• “good paper 首页都有图说明 main ideas,有各种图表等会均衡分布 paper 中来展示验证性实验,重要数学公式,以及有彩图列表来量化数据集的基准”

      • “作者还自嘲了本 paper 97%概率被拒稿[doge]”;

    1. Schematic diagrams exemplifying multiples hypothetical outcomes of human-induced shifts in plant phenology with implications for conservation. Human induced changes on abiotic and biotic factors affect the timing of plant and animal reproductive cycles and mutualistic interactions (A), ultimately with consequences for the conservation of biological diversity

      Fig. 2. (A)

      The abiotic and biotic effects of human activities on plant life cycles. Abiotic influences as a result of human activities include climate change, modifications of geochemical cycles, and frequency of fires. Biotic influences as a result of human activities include habitat loss and fragmentation, hunting, and species invasion. These factors collectively influence plant phenology, including leafing, flowering and fruiting, and seed germination and establishment.

  9. Nov 2018
    1. Improving Generalization for Abstract Reasoning Tasks Using Disentangled Feature Representations

      非常不错的 CNN 的网络结构图:


  10. Oct 2018
    1. Table 1

      summary of psychological study findings (frontal lobe function in aggressive and antisocial subjects)

    2. Table 2

      summary of neuroimaging studies in violent and aggressive subjects

  11. Aug 2018
    1. Personal and organizational histories occupy prominent figure positions in the figure-ground dichotomy, and that such histories are used to cope with the future is indicated by several pieces of evidence.

      Does this help to explain the need for SBTF volunteers to situate themselves in time -- as a way to construct a history in Weick's "figure-ground construction" method of sensemaking for themselves and to that convey sense to others?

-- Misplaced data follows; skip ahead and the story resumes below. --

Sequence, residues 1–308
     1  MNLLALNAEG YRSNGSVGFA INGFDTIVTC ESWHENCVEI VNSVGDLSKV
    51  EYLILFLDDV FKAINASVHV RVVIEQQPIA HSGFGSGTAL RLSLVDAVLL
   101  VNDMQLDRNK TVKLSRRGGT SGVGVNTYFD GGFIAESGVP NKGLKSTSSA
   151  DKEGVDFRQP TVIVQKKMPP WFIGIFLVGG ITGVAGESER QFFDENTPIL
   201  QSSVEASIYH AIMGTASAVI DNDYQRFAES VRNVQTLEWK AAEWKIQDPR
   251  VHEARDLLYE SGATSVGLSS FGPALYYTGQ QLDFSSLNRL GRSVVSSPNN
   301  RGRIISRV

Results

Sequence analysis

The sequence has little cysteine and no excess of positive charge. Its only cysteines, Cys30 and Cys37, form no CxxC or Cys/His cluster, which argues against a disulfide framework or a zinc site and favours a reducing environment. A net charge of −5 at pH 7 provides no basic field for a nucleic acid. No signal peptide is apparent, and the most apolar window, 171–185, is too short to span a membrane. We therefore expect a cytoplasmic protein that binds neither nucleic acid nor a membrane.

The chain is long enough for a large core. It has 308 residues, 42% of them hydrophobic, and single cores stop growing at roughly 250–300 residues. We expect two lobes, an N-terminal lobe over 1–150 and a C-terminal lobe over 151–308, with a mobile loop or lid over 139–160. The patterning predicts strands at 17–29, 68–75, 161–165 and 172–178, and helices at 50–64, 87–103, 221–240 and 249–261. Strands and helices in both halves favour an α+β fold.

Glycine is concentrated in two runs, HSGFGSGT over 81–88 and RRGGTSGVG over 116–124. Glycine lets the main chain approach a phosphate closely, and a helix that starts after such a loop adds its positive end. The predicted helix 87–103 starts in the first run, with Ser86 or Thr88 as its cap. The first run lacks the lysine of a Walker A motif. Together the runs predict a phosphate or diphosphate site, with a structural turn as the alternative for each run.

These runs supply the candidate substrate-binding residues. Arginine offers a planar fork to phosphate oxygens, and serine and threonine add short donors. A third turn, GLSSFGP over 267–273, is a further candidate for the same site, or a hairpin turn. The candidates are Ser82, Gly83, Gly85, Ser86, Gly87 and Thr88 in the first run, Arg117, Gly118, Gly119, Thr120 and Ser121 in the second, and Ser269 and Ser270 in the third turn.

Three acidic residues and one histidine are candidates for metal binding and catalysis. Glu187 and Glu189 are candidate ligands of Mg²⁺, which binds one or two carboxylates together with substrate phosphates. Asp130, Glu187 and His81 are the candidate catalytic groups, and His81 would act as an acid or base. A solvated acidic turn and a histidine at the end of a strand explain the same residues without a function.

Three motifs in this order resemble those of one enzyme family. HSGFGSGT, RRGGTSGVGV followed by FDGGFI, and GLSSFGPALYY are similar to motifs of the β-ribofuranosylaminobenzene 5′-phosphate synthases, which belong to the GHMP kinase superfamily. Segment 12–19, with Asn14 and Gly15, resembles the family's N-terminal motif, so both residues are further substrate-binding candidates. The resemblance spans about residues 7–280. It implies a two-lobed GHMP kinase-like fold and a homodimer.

2. And if Weick has drawn the correct conclusion about how the past is used to enact the present, being able to note the differences may be even more im­portant than being able to see the similarities. This is especially so in equivocal enactments, which Weick (1979, p. 201) described as involving a figure-ground construction, one in which the ground consists of the strange and unfamiliar

      Weick describes the need to discern differences over similarities to effectively use past-present metaphors as a sense-making device.

  12. Apr 2018
    1. Melchor

      n. Saint Melchior, or Melichior, was purportedly one of the Biblical Magi along with Caspar and Balthazar who visited the infant Jesus after he was born. Melchior was often referred to as the oldest member of the Magi. He was traditionally called the King of Persia and brought the gift of gold to Jesus.

    2. San Dionisio

      n. Denis of Paris;Saint Denis was a legendary 3rd-century Christian martyr and saint. According to his hagiographies, he was bishop of Paris in the third century and, together with his companions Rusticus and Eleutherius, was martyred for his faith by decapitation.

    3. Descartes

      n. a French philosopher, mathematician, and scientist. Dubbed the father of modern western philosophy, much of subsequent Western philosophy. In his natural philosophy, he differed from the schools on two major points: first, he rejected the splitting of corporeal substance into matter and form; second, he rejected any appeal to final ends, divine or natural, in explaining natural phenomena. In his theology, he insists on the absolute freedom of God's act of creation.